In the last half of the nineteenth century, egrets were in danger of going extinct. Harvested for their plumes, they were sold by the thousands to milliners in New York and London. They were killed by the thousands during the nesting season when they were in breeding plumage (like the snowy egret pictured) without regard to their nestlings which were left to starve or be eaten. In the latter part of the century, it was estimated that as many as fifty species of birds were being killed for their feathers.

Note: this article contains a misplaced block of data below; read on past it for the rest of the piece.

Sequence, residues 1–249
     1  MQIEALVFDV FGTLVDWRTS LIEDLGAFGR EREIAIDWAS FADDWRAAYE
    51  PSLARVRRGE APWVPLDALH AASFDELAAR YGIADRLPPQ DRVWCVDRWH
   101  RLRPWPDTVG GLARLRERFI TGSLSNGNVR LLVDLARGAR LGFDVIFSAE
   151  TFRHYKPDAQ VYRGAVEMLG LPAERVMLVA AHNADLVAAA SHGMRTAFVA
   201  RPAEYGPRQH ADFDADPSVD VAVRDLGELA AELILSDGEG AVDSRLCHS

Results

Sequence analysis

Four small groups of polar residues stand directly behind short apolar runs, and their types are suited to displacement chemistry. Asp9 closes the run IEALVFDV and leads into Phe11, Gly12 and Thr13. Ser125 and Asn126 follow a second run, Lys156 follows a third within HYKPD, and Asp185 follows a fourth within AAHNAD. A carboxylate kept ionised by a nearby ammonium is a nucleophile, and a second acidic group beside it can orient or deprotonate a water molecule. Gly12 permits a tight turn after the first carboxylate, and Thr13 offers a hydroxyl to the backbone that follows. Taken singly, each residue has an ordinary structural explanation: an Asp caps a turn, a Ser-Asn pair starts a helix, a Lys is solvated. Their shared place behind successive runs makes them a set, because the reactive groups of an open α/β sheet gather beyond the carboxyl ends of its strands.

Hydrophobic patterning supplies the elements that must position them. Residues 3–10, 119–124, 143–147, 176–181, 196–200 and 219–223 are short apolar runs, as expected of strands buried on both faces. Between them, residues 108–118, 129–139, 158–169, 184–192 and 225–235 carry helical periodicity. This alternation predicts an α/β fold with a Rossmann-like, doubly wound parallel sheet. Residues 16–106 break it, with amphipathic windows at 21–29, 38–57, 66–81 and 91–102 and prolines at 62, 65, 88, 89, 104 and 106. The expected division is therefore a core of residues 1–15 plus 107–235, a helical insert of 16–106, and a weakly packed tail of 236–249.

Distressed by what they saw, two Boston socialites became activists to bring an end to the slaughter. Harriet Hemenway and Minna Hall first called for a boycott of the trade. They were joined by over 900 society ladies and, ultimately, their activism lead to the formation of the National Audubon Society and the passage 100 years ago of the Migratory Bird Act which brought an end to the market hunting of birds and their interstate transport. If it had not been for these two ladies, many of the birds we enjoy today might have gone the way of the passenger pigeon. Estimated to be one of the most abundant birds in the world, the pigeon went from numbering in the billions as late as 1850 to being extinct just fifty years later.